You’ve been framed: How Banksy, Norwich City and a Euro2016 champion added up to success for a Norfolk firm
- Credit: Copyright: Archant 2017
A determination to think outside the box – and inside the frame – has fuelled growth at a city art firm, which aims to break the million-pound turnover mark for the first time this year.
Norwich Framing Centre has branched out to become a specialist in street art and sports memorabilia in response to a slowdown in demand for traditional portrait photography framing over the past decade.
As well as its Premier Shirt Framing business, which frames shirts and other mementoes for fans and clubs including Norwich City and Tottenham Hotspur, the Pitt Street company also completes high-end framing commissions for London galleries and private clients keen to frame artworks and prints by the likes of Damien Hirst and Banksy.
Business owner Gary Townsend said the specialisms had given the 20-strong company national reach, with each now making up around 20% of turnover.
'If we were ever going to grow the business, we had to look outside of Norfolk and beyond the shops, and in particular to London,' he said.
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The company's Misterframeman brand caught the moment as urban and street art grew in popularity.
'The timing was perfect, with artists such as Banksy, Faile, Antony Micallef, Damien Hirst and a host of other street and urban artists becoming more popular and collectable,' he said of its founding in 2007.
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'We now cater for high-end galleries and a client base of over 1,000 in and around London, including sports stars and celebrities.'
But it is the sports framing business – through premiershirtframing.co.uk – which has seen the fastest growth, since it was founded three years ago, having seen a 66% rise in sales over Christmas.
The company uses computer-controlled cutting tools to design personalised mounts for memorabilia, which has included Mike Tyson's boxing glove and Norwich City goalkeeper John Ruddy's first England cap, and has experimented with fitting frames with LEDs.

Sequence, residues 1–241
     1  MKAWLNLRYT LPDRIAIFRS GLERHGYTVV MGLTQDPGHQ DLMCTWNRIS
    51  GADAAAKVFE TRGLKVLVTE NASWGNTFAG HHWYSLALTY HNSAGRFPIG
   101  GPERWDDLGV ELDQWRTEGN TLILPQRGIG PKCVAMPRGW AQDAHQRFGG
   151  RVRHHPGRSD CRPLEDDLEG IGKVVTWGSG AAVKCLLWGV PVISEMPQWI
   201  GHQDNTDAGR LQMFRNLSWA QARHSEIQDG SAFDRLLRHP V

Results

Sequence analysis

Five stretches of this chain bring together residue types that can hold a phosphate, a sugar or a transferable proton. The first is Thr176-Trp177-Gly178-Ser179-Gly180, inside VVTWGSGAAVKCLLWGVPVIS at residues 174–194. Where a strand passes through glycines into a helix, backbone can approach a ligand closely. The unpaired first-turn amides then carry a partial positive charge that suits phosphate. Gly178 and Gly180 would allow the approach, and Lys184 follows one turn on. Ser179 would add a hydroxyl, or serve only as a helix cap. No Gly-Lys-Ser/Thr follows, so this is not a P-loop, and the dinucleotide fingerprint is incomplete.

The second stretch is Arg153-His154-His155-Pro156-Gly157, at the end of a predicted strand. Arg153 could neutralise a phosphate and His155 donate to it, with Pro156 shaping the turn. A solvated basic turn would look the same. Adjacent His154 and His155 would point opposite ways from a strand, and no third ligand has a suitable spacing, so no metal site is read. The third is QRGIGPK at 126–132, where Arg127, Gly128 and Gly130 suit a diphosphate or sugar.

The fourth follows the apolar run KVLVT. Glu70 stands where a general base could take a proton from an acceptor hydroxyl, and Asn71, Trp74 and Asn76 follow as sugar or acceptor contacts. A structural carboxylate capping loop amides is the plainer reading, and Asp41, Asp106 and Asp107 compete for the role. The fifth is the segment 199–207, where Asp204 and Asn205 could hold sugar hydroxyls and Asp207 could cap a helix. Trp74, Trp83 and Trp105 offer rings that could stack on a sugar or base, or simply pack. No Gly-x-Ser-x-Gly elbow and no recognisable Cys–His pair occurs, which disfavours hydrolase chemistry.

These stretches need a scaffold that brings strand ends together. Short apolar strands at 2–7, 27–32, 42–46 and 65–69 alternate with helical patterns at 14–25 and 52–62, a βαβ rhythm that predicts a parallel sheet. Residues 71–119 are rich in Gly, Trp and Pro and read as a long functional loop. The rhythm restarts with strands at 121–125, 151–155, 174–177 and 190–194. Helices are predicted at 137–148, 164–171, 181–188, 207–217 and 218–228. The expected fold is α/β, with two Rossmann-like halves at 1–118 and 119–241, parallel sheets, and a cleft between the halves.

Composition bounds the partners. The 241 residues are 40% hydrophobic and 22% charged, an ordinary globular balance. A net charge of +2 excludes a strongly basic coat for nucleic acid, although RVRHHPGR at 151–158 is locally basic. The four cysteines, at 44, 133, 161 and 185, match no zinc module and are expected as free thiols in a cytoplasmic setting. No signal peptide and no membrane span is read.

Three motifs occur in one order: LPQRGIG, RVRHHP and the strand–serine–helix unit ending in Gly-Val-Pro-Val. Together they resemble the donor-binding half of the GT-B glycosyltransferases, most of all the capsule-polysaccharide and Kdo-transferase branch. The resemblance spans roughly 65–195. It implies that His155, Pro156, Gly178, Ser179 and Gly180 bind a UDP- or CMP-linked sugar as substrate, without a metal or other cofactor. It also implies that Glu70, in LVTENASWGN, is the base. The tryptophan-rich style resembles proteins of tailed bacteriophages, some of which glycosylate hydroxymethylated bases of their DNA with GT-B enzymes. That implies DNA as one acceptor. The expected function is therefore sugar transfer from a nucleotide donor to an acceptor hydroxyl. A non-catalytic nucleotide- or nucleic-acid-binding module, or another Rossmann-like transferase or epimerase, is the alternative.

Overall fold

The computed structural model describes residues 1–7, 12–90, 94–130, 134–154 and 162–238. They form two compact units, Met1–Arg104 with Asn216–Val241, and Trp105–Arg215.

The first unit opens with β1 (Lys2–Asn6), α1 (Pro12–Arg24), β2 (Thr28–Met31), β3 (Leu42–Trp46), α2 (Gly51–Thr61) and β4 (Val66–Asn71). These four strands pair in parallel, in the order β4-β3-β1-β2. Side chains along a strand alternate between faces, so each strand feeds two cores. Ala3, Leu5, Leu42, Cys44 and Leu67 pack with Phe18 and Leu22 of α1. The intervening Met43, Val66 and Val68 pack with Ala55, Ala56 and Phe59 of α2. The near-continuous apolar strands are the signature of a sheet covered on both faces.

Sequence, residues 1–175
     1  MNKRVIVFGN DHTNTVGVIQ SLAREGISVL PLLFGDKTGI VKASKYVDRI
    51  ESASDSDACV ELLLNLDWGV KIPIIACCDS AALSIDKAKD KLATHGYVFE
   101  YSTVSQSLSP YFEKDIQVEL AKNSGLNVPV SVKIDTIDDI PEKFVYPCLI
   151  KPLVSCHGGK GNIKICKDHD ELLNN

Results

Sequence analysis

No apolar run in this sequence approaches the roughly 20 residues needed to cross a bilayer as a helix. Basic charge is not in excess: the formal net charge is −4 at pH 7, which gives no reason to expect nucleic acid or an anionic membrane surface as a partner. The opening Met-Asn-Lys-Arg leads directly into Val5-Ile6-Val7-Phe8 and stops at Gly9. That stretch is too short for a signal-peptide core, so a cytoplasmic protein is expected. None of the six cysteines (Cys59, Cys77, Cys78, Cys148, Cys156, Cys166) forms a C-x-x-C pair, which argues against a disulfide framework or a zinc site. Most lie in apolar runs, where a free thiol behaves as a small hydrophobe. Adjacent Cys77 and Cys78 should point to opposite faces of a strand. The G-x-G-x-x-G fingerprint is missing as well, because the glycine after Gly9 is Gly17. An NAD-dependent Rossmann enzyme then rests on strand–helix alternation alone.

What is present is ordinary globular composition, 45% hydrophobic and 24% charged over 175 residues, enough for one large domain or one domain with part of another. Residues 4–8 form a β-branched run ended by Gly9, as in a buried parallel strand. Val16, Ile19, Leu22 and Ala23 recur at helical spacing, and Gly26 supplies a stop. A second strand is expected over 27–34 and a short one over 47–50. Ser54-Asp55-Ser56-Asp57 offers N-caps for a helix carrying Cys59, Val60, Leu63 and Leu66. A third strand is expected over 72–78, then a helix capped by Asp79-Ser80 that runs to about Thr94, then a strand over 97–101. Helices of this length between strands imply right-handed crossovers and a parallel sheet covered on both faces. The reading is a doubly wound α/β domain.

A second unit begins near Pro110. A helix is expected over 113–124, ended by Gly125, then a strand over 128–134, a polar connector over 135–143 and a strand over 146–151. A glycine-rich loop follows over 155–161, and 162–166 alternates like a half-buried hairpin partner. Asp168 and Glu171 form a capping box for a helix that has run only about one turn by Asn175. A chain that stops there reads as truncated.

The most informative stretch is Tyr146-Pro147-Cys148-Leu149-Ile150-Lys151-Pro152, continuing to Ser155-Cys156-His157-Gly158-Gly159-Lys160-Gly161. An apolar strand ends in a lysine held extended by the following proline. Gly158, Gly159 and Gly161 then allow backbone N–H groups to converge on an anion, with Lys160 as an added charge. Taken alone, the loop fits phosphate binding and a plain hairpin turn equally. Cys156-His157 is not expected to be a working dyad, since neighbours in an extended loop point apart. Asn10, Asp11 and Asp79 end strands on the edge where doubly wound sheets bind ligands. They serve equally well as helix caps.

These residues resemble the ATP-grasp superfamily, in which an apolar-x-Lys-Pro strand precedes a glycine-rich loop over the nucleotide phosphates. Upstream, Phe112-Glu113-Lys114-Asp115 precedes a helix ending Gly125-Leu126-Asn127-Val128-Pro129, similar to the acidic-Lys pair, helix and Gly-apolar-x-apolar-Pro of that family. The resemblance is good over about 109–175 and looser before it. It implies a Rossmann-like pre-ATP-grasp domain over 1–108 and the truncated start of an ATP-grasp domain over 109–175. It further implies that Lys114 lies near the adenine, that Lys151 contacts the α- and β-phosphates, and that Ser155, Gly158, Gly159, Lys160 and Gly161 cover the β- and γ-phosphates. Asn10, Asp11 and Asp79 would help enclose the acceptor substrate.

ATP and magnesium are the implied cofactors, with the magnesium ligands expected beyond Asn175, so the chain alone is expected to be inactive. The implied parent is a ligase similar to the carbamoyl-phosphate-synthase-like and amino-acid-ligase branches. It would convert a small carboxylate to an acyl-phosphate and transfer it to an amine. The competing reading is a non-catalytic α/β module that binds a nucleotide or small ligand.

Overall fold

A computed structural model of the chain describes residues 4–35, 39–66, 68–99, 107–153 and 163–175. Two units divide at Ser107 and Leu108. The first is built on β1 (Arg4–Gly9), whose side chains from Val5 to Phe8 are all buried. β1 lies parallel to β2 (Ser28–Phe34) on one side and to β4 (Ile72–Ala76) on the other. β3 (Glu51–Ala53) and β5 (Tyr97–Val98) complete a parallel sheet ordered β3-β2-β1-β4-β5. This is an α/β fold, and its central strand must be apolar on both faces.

Last week, the company completed a commission for Southampton defender Jose Fonte to frame his shirt and medal from Portugal's victorious Euro2016 campaign.
One of the ideas the company is developing is building video screens into the frames, so that a fan or player can see the highlights of the game in which the shirt was worn.
'It's almost like artwork in itself, and what we are adding to it is turning it into a piece of wall art – something you can display and be proud of,' said Mr Townsend.
'I still think we can double what we do over the next three years, but we need to stay innovative and ahead of the competition.'
Matt Johns, head of production at Premier Shirt Framing, sees 30 shirts a week come through the workshop.
He said: 'I think it seems more real to fans because they've had it framed. You can have a shirt in your house but it doesn't really mean anything until you've got it presented.
'It's also a social thing – there's a story behind it and it's something to talk about.'
Norwich Framing Centre's decision to branch out might never have happened, if it hadn't been for an overheard conversation in a Shoreditch gallery in May 2007.
Gary Townsend was attending an exhibition by French street artist Blek Le Rat when he heard the gallery manager complaining about the quality of a batch of frames.
'I introduced myself and explained that we may be able to help, should they wish to try a different framer, without really expecting to hear back,' said Mr Townsend.
A month later, he was asked to quote for a framing job.
The month after that, the company was starting work on an £8,000 contract for an exhibition in London.
That was the encouragement Mr Townsend needed to found Misterframeman, which offers conservation framing for galleries and art collectors, and runs twice-weekly deliveries and collections in London.
In 2017, the business is looking to expand further, with talks ongoing with a potential partner in the north of England.